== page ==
Characterizing the Trafficking and Signaling of a Clinically Relevant Allele of the mu-Opioid Receptor
Opioid analgesics, such as morphine or codeine, are the most powerful and widely used drugs to manage pain. However, there is tremendous variability among patients in terms of pain relief, side effects, and tolerance. Several allelic variants have been described in the mu-opioid receptor (MOR), the main target of opioid drugs in the brain. To understand whether and how these variants change the opioid response, I focused on the A118G, the most prevalent allele. Clinically, A118G correlates with lower opioid efficacy and higher tendency for addiction. The goal of this study was to test whether this allele changed the function and regulation of opioid responses at a molecular level. Specifically, I focused on the agonist-induced internalization of the receptor, which has been established to be important in controlling both short-term and long-term effects of opioid signaling. Internalization rates were initially analyzed in live cells using wild type and A112G (the mouse variant corresponding to A118G) receptors tagged with a pH-sensitive GFP. Because its fluorescence is quenched in acidic environments, this provides a novel biosensor to measure receptor movement from the plasma membrane to acidic endosomes with high time resolution. Agonist-induced internalization of A112G was significantly slower than the wild type, suggesting less desensitization of the A112G variant upon activation. To understand the functional significance of this delay, I will use TIRF microscopy to analyze individual steps in MOR endocytosis, and measure differences in Extracellular signal-Regulated Kinase, a downstream effector of MOR activation. Understanding these differences between the wild type and mutated receptor could facilitate the development of novel and personalized treatments for the management of pain and addiction.
Catherine Stephenson, Carnegie Mellon University
Mentor: Alison Barth
Characterization of TrpM8 Axons in the Mouse Spinal Cord
Cold sensation in the range 5-25 degrees Celsius relies on the TrpM8 receptor, which is expressed in a specific set of neurons in the peripheral nervous system. However, TrpM8 neurons are not uniformly distrubuted across the body. In thermal sensation experiments being performed in the Barth lab, the mouse hindpaw is stimulated with menthol, the chemical ligand for the TrpM8 receptor. We wanted to determine the best area to maximize the number of TrpM8 fibers stimulated. If the cervical spinal cord has more TrpM8 afferents, it might be best to stimulate the forepaw rather than the hindpaw in thermal sensation experiments. We were also interested in the laminar and medial/lateral distribution of these axons. Therefore, my project was to image, characterize, and quantify expression of the TrpM8 receptor across different locations in the spinal cord.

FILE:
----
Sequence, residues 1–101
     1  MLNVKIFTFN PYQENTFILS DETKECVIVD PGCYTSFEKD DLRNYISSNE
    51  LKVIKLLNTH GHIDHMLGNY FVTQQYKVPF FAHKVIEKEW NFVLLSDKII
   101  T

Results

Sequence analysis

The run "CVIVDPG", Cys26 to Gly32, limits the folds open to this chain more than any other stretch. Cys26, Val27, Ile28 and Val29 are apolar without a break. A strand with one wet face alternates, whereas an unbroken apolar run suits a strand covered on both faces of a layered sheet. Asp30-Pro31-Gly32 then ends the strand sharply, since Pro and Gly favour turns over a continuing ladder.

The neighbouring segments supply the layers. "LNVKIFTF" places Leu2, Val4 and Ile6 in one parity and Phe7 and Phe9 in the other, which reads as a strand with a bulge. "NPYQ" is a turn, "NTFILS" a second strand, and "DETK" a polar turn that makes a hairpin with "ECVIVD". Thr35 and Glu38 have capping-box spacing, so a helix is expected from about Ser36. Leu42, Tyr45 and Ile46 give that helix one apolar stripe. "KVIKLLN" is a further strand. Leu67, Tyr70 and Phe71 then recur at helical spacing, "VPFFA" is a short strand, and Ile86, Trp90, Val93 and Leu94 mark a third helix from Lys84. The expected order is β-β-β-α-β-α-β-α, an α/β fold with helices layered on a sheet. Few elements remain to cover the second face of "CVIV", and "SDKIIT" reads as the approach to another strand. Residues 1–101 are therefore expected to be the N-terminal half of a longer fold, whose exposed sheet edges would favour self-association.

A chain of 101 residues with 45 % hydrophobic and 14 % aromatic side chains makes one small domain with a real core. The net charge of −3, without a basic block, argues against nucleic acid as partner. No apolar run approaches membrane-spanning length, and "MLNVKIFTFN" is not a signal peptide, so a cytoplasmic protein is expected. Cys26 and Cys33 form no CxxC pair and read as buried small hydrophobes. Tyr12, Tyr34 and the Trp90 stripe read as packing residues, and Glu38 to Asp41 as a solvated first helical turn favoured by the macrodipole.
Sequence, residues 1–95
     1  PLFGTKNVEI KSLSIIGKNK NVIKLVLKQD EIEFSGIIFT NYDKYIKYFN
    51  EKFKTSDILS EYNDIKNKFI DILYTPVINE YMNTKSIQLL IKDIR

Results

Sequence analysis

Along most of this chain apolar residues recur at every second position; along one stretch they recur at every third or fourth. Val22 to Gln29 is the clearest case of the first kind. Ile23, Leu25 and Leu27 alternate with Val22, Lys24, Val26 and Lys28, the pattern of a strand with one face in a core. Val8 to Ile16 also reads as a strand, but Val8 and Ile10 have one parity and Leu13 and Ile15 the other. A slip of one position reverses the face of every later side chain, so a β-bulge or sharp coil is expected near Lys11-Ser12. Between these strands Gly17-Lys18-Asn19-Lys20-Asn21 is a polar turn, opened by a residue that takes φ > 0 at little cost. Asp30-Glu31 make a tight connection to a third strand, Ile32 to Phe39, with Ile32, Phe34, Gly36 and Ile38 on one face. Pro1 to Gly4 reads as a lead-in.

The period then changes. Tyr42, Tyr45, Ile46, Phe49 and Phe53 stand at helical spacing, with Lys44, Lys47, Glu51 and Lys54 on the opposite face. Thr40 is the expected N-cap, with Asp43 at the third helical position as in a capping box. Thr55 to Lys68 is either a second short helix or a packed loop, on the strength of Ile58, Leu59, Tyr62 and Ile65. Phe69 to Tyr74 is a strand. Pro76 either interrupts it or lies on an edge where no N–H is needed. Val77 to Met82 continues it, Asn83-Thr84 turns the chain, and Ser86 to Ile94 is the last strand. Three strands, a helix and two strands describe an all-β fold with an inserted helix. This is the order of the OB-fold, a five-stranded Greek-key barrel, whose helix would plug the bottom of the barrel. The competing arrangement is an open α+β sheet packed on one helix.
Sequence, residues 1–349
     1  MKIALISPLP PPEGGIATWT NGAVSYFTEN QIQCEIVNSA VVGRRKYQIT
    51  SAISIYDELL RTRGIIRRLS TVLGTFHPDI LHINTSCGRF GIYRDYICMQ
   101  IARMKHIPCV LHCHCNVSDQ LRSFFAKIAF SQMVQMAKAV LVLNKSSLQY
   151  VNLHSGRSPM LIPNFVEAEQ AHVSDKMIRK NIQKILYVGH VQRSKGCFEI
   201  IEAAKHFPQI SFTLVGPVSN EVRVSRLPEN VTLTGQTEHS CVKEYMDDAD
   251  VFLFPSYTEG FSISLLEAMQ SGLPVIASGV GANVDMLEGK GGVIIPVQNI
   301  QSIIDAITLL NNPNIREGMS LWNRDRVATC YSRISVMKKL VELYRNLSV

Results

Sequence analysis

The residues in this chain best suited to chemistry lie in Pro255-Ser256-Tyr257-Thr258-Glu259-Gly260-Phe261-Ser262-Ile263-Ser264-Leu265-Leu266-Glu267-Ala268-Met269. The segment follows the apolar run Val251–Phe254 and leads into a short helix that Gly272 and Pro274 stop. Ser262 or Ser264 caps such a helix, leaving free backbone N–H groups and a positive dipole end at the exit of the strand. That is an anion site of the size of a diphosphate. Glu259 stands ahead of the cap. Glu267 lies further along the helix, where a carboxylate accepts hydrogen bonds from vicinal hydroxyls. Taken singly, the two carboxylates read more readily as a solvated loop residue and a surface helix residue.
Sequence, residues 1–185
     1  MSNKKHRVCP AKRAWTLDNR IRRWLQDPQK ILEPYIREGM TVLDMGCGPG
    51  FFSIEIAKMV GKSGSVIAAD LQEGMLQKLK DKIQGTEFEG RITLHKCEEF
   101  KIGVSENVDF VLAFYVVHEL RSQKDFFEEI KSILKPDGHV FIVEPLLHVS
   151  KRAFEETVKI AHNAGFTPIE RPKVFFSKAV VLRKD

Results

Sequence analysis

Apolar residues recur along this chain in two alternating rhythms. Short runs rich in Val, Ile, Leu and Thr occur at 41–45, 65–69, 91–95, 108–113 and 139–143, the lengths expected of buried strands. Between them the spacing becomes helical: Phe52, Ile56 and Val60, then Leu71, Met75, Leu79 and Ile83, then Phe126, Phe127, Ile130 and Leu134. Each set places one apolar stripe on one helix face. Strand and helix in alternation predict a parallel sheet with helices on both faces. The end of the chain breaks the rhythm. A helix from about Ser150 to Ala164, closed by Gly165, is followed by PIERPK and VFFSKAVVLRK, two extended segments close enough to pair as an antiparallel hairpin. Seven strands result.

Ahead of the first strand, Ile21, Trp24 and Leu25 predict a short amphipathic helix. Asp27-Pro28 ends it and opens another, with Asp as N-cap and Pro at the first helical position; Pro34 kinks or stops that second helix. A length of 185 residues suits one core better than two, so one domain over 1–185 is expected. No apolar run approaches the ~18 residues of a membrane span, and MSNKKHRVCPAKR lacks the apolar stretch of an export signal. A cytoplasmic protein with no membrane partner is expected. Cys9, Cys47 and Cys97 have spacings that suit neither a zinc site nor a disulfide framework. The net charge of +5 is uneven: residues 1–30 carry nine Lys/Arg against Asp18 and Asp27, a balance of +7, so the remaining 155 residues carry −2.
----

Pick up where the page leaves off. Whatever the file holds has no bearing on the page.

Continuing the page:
To characterize the distrubution of TrpM8 axons in the mouse spinal cord, I used TrpM8GFP transgenic mice. These mice carry a transgene encoding the green florescent protein (GFP) in the region under the control of the TrpM8 promoter. The neurons, including the axons, emit green florescence under light with a wavelength of 488nm.
I found that there are more neurons expressing the TrpM8 receptor terminating in the cervical rather than in the lumbar spinal cord. This suggests that the mouse forepaw can sense cold more robustly than the hindpaw; however, it is unclear why this might be the case. In addition, I discovered deeper TrpM8 fibers than had been previously described. Therefore, my experiments uncovered interesting features of TrpM8 axons that are important for continuing to study thermal sensation.